The return of jobs in child care and hospitality — two industries dominated by women workers — are helping drive a surge of jobs for women in the workforce in June, according to data released Friday by the Bureau of Labor Statistics.
Of the 850,000 net jobs added last month, the most robust month of growth so far this year, 405,000 went to women. Men gained the other 445,000. (BLS does not provide any data on nonbinary workers.)
About 40 percent of all the jobs added last month were in the hospitality sector — 343,000 positions. Of those, 43 percent went to women, who already make up the bulk of the hospitality workforce. They are 70 percent of servers, 67 percent of fast food workers and 88 percent of housekeepers.
The leisure industry was the most devastated by the pandemic recession, losing 50 percent of all of its jobs in April 2020. That, combined with massive child care center closures, set off the first women’s recession. The child care industry was the second most impacted by the recession, losing 34 percent of its jobs in April 2020.
Gains in those two areas are critical to helping return women workers to pre-pandemic levels of employment. As of June, there are still 1.6 million fewer women in the labor force, compared to 1.5 million fewer men.
In child care, a field that is 95 percent women, 25,000 jobs were added in June. About 56 percent of those jobs went to women. The return of jobs in that sector also has a trickle-down effect to moms in other fields, who are more likely to need access to child care in order to return to work.
“Care jobs, broadly speaking, are one of the most important economic development things we can do, and so adding those jobs back now is a really good sign for our long-term stability,” said Kate Bahn, the director of labor market policy at the Washington Center for Equitable Growth.
Strong growth in government jobs also helped benefit women, who make up more than half of that workforce. About 28 percent of all the net jobs that went to women last month were in the public sector.
The number of out-or-work people prevented from looking for a job because of the pandemic dropped considerably last month, from 2.5 million to 1.6 million.
Still, there is a long way to go before the economy fully recovers.
Women of color continue to be left behind. Unemployment rates last month ticked up slightly for all groups of women, but they went up the most for Black women and Latinas.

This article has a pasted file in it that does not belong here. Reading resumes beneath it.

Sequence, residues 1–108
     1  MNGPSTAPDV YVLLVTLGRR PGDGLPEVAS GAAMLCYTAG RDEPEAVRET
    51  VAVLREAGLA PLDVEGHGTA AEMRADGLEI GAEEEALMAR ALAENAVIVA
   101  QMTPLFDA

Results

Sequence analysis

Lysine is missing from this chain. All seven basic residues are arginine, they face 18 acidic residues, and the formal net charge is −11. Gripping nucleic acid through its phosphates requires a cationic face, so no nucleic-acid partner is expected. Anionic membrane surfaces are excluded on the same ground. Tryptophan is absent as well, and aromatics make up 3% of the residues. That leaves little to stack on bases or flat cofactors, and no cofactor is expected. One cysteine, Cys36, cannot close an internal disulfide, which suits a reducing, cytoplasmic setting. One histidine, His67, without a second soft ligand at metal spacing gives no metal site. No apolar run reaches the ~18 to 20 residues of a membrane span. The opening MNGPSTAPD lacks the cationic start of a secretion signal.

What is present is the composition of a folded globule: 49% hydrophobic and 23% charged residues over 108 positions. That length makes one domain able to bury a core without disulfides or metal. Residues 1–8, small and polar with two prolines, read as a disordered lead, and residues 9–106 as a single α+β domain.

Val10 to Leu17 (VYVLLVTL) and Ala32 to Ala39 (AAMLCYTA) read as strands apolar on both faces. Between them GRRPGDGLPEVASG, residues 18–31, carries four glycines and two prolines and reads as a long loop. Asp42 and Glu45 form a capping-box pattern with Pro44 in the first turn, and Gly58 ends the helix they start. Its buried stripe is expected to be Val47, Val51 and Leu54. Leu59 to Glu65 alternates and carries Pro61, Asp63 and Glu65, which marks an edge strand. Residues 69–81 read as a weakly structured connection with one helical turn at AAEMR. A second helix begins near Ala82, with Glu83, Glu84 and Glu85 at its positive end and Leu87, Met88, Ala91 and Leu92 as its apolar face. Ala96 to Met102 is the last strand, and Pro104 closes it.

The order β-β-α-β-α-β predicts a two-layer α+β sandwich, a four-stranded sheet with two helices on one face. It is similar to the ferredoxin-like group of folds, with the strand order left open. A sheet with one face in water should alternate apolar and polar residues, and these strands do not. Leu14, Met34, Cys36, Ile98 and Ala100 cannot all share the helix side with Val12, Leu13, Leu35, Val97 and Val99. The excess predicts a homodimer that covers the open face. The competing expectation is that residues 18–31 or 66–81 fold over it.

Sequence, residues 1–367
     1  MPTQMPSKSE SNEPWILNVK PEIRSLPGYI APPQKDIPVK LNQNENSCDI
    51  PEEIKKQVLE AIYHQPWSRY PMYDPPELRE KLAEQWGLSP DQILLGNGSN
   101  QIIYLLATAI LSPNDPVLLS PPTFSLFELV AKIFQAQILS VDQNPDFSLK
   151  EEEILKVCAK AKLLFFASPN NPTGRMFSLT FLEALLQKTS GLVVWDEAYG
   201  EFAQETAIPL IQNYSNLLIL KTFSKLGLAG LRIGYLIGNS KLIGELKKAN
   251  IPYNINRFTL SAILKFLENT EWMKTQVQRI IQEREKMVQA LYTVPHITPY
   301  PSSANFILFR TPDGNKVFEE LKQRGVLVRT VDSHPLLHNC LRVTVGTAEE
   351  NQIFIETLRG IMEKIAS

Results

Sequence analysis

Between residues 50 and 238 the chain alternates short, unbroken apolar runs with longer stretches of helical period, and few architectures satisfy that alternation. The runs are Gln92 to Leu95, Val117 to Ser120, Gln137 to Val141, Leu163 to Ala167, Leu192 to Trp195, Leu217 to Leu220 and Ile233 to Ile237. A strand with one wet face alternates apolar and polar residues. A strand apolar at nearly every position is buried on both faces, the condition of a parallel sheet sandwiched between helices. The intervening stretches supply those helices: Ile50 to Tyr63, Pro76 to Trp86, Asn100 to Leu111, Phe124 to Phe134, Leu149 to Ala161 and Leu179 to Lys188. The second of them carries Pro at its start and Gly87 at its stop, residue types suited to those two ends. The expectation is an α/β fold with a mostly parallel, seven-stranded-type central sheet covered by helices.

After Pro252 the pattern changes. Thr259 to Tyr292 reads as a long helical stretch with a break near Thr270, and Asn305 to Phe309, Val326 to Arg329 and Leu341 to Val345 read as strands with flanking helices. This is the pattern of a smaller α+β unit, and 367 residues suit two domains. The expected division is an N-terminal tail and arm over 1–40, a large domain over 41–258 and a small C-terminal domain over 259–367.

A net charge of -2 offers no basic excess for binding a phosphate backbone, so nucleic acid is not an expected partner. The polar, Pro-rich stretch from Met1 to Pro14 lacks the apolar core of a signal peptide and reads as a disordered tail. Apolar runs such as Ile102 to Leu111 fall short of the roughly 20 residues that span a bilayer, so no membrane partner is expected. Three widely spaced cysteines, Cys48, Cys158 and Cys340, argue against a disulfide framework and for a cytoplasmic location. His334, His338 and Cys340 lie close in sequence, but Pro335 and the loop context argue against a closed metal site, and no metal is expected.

Black women saw their unemployment rate rise from 8.2 percent in May to 8.5 percent in June. Latinas’ rate went up from 7.4 percent to 7.9 percent. White women have an unemployment rate of 5 percent, and Asian women’s rate is 5.3 percent.
Some of that disparity could be that women of color are moving out of low paying jobs and looking for better options. In the past few months, women of color have led strikes at restaurants across the nation demanding higher pay and better benefits.
That, Bahn said, is a sign of a healthy labor market — one where there is competition for workers and employees don’t feel stuck in their positions because of decades of wage stagnation.
For the past several months, employers have said a wage shortage has hampered their recovery. In response, some have increased wages — average hourly earnings for all private, non-farm employees rose another 10 cents in June, following increases of 13 cents and 20 cents in May and April, respectively. Employers are also starting to offer other benefits, like hiring bonuses.
A poll by the U.S. Chamber of Commerce conducted in May found that 39 percent of Americans who lost their jobs during the pandemic and aren’t looking for work said a $1,000 hiring bonus would increase their urgency to return to a full-time job.
“Now is the moment that there’s enough job growth, there’s enough hiring, there’s enough openings that those women workers who are facing more constraints are able to finally re-enter and start looking for a job that would be the best fit for them,” Bahn said. “Maybe they were in a subpar job choice to try to get through the pandemic and now are able to finally try to find a job that is a better match or better paying.”
The key for women workers who make up two-thirds of the 40 lowest paid jobs in America is going to be sustainability. Do employers raise wages long-term? Do jobs that employ women offer a better set of benefits?
“This is a good foundation,” Bahn said. “But that means that we’re not rebuilt yet. We need a foundation of adding jobs in order to take the next step, which would be making sure the job growth is inclusive and high quality jobs.”